] was in support of the possibility that the PSC patient population may be heterogeneous, and that one pathogenetic mechanism cannot be expected to account for all cases. Nevertheless, from a clinical perspective in Northern Europe and the US, a relatively demarcated “syndrome” of concurrent bile duct fibrosis, predominant right-sided colitis and a neoplastic propensity at both these sites, seems to comprise 70–80% of the PSC patient population. For this group of patients, it is not unreasonable to expect a relatively uniform pathogenesis.

      Genetic association studies

      The genetic susceptibility to PSC aligns with prototypical autoimmune diseases as much as with IBD (Fig. 2). Indeed, the hallmark of an “autoimmune” susceptibility at a genetic level; i.e., a predominant HLA association, also accounts for the overall genetic architecture of PSC (Table 1). As for most HLA associated diseases (celiac disease being a notable exception), the immunological implications of PSC associated HLA variants are unknown. Several review articles have assessed the theoretical knowledge associated with each non-HLA susceptibility locus (Table 1) [
      • Karlsen T.H.
      A lecture on the genetics of primary sclerosing cholangitis.
      ,
      • Karlsen T.H.
      • Kaser A.
      Deciphering the genetic predisposition to primary sclerosing cholangitis.
      ,
      • Folseraas T.
      • Melum E.
      • Franke A.
      • Karlsen T.H.
      Genetics in primary sclerosing cholangitis.
      ,
      • Naess S.
      • Shiryaev A.
      • Hov J.R.
      • Franke A.
      • Karlsen T.H.
      Genetics in primary sclerosing cholangitis.
      ]. Only speculations are possible for the potential disease mechanisms represented by these loci, since most of the functional studies that serve as the basis of these review articles were performed prior to, and independently from the knowledge of genetic associations in PSC. Furthermore, the “pool” of risk loci is incompletely defined (for reasons discussed elsewhere [
      • Manolio T.A.
      • Collins F.S.
      • Cox N.J.
      • Goldstein D.B.
      • Hindorff L.A.
      • Hunter D.J.
      • et al.
      Finding the missing heritability of complex diseases.
      ]). Importantly, in our opinion, there is also a risk of oversimplifying implications from genetic association study outcomes if too wide assumptions are formed on the basis of each individual locus (as would only be appropriate in a monogenous trait).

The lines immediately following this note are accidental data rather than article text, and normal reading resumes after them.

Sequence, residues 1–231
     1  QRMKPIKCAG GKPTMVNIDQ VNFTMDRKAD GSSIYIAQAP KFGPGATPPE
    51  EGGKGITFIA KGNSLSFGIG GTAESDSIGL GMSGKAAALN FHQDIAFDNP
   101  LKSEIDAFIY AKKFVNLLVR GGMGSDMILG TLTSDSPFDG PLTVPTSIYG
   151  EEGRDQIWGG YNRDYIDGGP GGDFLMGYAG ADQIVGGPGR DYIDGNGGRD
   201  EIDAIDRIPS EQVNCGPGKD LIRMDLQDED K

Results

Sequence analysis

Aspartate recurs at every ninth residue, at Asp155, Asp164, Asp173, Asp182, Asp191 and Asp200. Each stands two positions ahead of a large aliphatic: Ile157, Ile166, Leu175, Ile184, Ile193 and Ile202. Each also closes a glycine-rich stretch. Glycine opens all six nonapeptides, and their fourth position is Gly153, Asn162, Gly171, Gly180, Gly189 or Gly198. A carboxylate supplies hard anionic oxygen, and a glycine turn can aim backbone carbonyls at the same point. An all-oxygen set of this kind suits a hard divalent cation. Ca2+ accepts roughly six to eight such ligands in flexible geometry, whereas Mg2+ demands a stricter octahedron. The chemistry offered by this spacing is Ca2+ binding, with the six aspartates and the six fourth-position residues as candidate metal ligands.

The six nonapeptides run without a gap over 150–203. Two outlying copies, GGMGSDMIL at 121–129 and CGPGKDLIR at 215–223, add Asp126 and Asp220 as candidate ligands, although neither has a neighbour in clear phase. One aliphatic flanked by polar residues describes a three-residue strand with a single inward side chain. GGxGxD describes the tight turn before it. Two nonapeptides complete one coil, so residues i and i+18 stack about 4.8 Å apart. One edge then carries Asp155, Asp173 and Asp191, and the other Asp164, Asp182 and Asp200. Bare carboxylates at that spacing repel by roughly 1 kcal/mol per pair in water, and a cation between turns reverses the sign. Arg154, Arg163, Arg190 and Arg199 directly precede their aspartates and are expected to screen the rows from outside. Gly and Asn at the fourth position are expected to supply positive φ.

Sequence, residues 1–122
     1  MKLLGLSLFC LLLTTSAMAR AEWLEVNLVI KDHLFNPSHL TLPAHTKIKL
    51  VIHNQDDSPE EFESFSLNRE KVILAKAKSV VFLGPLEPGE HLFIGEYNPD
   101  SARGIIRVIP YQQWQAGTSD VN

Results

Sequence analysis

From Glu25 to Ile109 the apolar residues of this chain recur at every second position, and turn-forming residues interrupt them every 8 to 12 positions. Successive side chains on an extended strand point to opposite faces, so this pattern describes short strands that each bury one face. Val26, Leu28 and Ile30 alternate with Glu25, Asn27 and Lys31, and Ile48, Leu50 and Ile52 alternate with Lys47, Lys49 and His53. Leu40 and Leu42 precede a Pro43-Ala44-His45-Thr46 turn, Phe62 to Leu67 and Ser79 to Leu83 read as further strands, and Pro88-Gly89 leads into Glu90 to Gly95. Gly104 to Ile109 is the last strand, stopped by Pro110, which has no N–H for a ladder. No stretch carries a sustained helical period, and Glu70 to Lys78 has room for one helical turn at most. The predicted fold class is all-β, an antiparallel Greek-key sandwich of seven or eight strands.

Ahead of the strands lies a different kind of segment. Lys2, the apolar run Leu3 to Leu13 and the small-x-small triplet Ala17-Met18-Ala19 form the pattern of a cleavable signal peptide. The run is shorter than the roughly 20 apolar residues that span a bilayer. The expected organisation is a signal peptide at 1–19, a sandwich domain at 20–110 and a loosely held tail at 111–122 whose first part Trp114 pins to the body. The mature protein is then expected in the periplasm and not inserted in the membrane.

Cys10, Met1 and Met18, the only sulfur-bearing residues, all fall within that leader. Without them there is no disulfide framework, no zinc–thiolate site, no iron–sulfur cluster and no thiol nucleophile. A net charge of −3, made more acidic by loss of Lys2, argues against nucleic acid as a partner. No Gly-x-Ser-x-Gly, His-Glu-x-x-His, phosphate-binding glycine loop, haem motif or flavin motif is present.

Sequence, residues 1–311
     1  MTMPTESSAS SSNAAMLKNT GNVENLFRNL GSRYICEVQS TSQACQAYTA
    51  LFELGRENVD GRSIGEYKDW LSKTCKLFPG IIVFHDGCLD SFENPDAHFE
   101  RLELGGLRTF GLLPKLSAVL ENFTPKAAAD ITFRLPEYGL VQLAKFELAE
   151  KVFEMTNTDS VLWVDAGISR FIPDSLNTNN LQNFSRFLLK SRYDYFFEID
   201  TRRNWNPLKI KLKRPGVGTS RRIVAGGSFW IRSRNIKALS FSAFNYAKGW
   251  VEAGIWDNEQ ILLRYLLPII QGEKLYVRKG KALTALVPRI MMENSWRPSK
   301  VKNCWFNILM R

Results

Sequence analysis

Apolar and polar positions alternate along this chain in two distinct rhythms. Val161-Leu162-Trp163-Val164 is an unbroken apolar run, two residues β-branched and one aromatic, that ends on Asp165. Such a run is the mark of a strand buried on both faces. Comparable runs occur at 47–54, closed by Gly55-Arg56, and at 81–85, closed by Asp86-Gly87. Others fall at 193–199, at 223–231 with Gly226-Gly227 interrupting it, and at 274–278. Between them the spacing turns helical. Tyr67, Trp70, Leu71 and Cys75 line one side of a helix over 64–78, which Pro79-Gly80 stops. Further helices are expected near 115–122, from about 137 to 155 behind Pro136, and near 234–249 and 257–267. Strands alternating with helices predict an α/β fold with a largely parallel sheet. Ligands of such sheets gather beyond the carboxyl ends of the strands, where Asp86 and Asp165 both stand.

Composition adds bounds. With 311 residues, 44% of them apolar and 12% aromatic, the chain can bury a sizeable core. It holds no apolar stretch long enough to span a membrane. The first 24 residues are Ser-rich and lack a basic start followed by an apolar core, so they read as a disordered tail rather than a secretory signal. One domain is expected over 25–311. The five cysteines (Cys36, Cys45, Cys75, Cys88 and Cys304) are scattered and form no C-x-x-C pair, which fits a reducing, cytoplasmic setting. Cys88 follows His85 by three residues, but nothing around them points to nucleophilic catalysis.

Figure thumbnail gr2
      Fig. 2Venn diagram illustrating the genetic overlap between primary sclerosing cholangitis (PSC) and inflammatory bowel disease (IBD). A total of 163 IBD susceptibility loci and 16 PSC susceptibility loci were included in the plot [
      • Liu J.Z.
      • Hov J.E.
      • Folseraas T.
      • Ellinghaus E.
      • Rushbrook S.M.
      • Doncheva N.T.
      • et al.
      Dense genotyping of immune-related disease regions identifies nine new risk loci for primary sclerosing cholangitis.
      ,
      • Jostins L.
      • Ripke S.
      • Weersma R.K.
      • Duerr R.H.
      • McGovern D.P.
      • Hui K.Y.
      • et al.
      Host-microbe interactions have shaped the genetic architecture of inflammatory bowel disease.
      ]. The major histocompatibility complex (MHC) associations in PSC include several independent association signals and are counted as one PSC specific locus.
      Table 1Genetic susceptibility loci in primary sclerosing cholangitis. Loci are defined according to genome-wide significance threshold conservatively set at p <5 × 10−8. For each locus, overlapping associations reported in other diseases are observed. Additional risk loci may be defined by taking a priori knowledge on genetic associations reported in these other phenotypes into account (see
      • Liu J.Z.
      • Hov J.E.
      • Folseraas T.
      • Ellinghaus E.
      • Rushbrook S.M.
      • Doncheva N.T.
      • et al.
      Dense genotyping of immune-related disease regions identifies nine new risk loci for primary sclerosing cholangitis.
      for further details).
      AA, alopecia areata; AS, ankylosing spondylitis; BP, blood pressure; CD, Crohn’s disease; CeD, celiac disease; Ch, cholesterol; CHD, coronary heart disease; CKD, chronic kidney disease; CLL, chronic lymphocytic leukaemia; EC, eosinophil counts; FCD, Fuchs’s corneal dystrophy; GD, Grave’s disease; He, haematocrit; Hg, haemoglobin; HT, hypothyroidism; MI, myocardial infarction; MS, multiple sclerosis; PBC, primary biliary cirrhosis; RA, rheumatoid arthritis; RVC, retinal vascular calibre; Sch, schizophrenia; T1D, type 1 diabetes; UC, ulcerative colitis; Vi, vitiligo.